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We Think Rhinomed (ASX:RNO) Needs To Drive Business Growth Carefully

Simply Wall St
·4 min read

Even when a business is losing money, it's possible for shareholders to make money if they buy a good business at the right price. For example, biotech and mining exploration companies often lose money for years before finding success with a new treatment or mineral discovery. Nonetheless, only a fool would ignore the risk that a loss making company burns through its cash too quickly.

So should Rhinomed (ASX:RNO) shareholders be worried about its cash burn? In this report, we will consider the company's annual negative free cash flow, henceforth referring to it as the 'cash burn'. First, we'll determine its cash runway by comparing its cash burn with its cash reserves.

View our latest analysis for Rhinomed

Does Rhinomed Have A Long Cash Runway?

A cash runway is defined as the length of time it would take a company to run out of money if it kept spending at its current rate of cash burn. In June 2020, Rhinomed had AU$7.8m in cash, and was debt-free. In the last year, its cash burn was AU$5.8m. That means it had a cash runway of around 16 months as of June 2020. That's not too bad, but it's fair to say the end of the cash runway is in sight, unless cash burn reduces drastically. You can see how its cash balance has changed over time in the image below.

debt-equity-history-analysis
debt-equity-history-analysis

How Well Is Rhinomed Growing?

Some investors might find it troubling that Rhinomed is actually increasing its cash burn, which is up 22% in the last year. The revenue growth of 8.5% gives a ray of hope, at the very least. Considering both these factors, we're not particularly excited by its growth profile. Of course, we've only taken a quick look at the stock's growth metrics, here. This graph of historic earnings and revenue shows how Rhinomed is building its business over time.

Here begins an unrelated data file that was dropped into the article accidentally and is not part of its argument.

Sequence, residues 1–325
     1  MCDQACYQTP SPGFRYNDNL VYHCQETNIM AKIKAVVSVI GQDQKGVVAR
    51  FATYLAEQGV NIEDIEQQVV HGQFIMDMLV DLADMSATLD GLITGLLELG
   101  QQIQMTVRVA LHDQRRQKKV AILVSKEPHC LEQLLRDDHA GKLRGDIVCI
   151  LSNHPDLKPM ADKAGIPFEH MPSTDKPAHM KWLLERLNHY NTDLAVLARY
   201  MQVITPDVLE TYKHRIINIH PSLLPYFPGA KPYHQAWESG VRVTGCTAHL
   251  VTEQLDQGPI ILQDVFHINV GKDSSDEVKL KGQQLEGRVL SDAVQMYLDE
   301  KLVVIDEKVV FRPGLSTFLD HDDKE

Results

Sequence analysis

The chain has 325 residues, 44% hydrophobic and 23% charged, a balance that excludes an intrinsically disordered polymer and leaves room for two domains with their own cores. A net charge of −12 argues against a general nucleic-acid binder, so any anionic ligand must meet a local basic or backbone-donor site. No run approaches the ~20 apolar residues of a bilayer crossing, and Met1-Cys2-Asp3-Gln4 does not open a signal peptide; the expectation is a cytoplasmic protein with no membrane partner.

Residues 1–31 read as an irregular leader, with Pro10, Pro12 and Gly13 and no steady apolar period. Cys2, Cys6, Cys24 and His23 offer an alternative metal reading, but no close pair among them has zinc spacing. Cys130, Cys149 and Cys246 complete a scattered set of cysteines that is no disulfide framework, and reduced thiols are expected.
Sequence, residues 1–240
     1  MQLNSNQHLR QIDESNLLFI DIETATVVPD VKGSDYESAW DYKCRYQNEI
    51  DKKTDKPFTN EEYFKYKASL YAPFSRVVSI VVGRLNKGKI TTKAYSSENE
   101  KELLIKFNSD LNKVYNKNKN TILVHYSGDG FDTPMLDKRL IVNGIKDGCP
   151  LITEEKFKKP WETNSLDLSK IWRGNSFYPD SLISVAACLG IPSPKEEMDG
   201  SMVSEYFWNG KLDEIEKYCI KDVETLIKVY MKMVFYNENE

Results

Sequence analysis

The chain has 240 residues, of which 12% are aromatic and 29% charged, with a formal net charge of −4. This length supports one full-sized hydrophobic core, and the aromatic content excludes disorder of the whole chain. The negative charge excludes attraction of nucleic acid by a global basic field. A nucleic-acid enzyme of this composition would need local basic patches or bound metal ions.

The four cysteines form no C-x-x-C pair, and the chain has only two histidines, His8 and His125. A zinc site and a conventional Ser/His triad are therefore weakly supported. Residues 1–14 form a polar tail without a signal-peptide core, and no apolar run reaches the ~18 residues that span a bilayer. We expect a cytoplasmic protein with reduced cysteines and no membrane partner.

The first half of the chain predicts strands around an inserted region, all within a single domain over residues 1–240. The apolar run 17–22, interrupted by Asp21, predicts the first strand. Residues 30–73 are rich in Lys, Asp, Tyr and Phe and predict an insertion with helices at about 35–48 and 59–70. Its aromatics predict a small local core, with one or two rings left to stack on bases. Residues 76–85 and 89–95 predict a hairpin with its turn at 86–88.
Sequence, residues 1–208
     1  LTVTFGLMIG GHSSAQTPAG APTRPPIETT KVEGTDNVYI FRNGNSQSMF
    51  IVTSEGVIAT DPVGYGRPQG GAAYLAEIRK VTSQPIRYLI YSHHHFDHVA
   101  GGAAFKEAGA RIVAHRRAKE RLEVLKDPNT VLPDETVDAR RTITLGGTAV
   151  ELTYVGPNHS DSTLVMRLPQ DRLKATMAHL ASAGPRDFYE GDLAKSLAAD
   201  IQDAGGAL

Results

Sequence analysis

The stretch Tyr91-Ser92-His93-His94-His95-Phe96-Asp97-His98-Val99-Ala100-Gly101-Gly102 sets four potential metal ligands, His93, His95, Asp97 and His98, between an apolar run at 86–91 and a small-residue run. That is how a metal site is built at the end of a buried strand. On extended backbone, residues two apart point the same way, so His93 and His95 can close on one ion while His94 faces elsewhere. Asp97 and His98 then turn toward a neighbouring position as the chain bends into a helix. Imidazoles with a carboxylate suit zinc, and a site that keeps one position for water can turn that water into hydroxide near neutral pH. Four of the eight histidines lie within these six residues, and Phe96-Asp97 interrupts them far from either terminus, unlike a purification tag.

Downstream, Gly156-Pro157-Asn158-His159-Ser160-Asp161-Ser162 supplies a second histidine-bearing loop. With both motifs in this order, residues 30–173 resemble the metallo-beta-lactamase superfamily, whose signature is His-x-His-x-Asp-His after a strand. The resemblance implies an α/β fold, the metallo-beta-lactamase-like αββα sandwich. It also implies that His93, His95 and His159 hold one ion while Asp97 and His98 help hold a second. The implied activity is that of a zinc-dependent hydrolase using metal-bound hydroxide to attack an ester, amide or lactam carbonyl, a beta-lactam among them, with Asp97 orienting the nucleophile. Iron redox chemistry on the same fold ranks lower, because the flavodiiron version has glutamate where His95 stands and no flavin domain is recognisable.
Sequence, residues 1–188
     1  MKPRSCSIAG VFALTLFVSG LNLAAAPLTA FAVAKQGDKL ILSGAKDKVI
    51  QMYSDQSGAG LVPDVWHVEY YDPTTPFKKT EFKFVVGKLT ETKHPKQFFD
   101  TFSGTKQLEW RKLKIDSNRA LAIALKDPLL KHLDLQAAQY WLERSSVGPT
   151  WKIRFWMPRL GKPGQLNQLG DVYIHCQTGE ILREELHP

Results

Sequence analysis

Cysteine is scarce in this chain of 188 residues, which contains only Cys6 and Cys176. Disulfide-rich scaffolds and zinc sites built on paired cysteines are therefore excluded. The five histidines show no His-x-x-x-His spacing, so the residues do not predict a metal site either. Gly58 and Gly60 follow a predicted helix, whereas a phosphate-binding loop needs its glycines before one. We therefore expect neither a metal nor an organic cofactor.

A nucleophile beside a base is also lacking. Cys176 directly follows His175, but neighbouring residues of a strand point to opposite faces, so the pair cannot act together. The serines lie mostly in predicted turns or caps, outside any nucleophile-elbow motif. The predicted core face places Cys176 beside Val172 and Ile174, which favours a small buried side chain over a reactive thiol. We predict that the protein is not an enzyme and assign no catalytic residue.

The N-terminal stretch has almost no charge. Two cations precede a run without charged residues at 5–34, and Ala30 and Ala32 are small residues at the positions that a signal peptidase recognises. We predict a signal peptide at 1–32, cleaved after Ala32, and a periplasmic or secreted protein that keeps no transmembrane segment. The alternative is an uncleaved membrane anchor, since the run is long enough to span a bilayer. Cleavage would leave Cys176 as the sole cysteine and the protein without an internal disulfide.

How Easily Can Rhinomed Raise Cash?

Rhinomed seems to be in a fairly good position, in terms of cash burn, but we still think it's worthwhile considering how easily it could raise more money if it wanted to. Issuing new shares, or taking on debt, are the most common ways for a listed company to raise more money for its business. Many companies end up issuing new shares to fund future growth. By looking at a company's cash burn relative to its market capitalisation, we gain insight on how much shareholders would be diluted if the company needed to raise enough cash to cover another year's cash burn.

Rhinomed's cash burn of AU$5.8m is about 13% of its AU$46m market capitalisation. Given that situation, it's fair to say the company wouldn't have much trouble raising more cash for growth, but shareholders would be somewhat diluted.

How Risky Is Rhinomed's Cash Burn Situation?

On this analysis of Rhinomed's cash burn, we think its cash burn relative to its market cap was reassuring, while its increasing cash burn has us a bit worried. Even though we don't think it has a problem with its cash burn, the analysis we've done in this article does suggest that shareholders should give some careful thought to the potential cost of raising more money in the future. Taking a deeper dive, we've spotted 5 warning signs for Rhinomed you should be aware of, and 1 of them is a bit unpleasant.

If you would prefer to check out another company with better fundamentals, then do not miss this free list of interesting companies, that have HIGH return on equity and low debt or this list of stocks which are all forecast to grow.

This article by Simply Wall St is general in nature. It does not constitute a recommendation to buy or sell any stock, and does not take account of your objectives, or your financial situation. We aim to bring you long-term focused analysis driven by fundamental data. Note that our analysis may not factor in the latest price-sensitive company announcements or qualitative material. Simply Wall St has no position in any stocks mentioned.

Have feedback on this article? Concerned about the content? Get in touch with us directly. Alternatively, email editorial-team@simplywallst.com.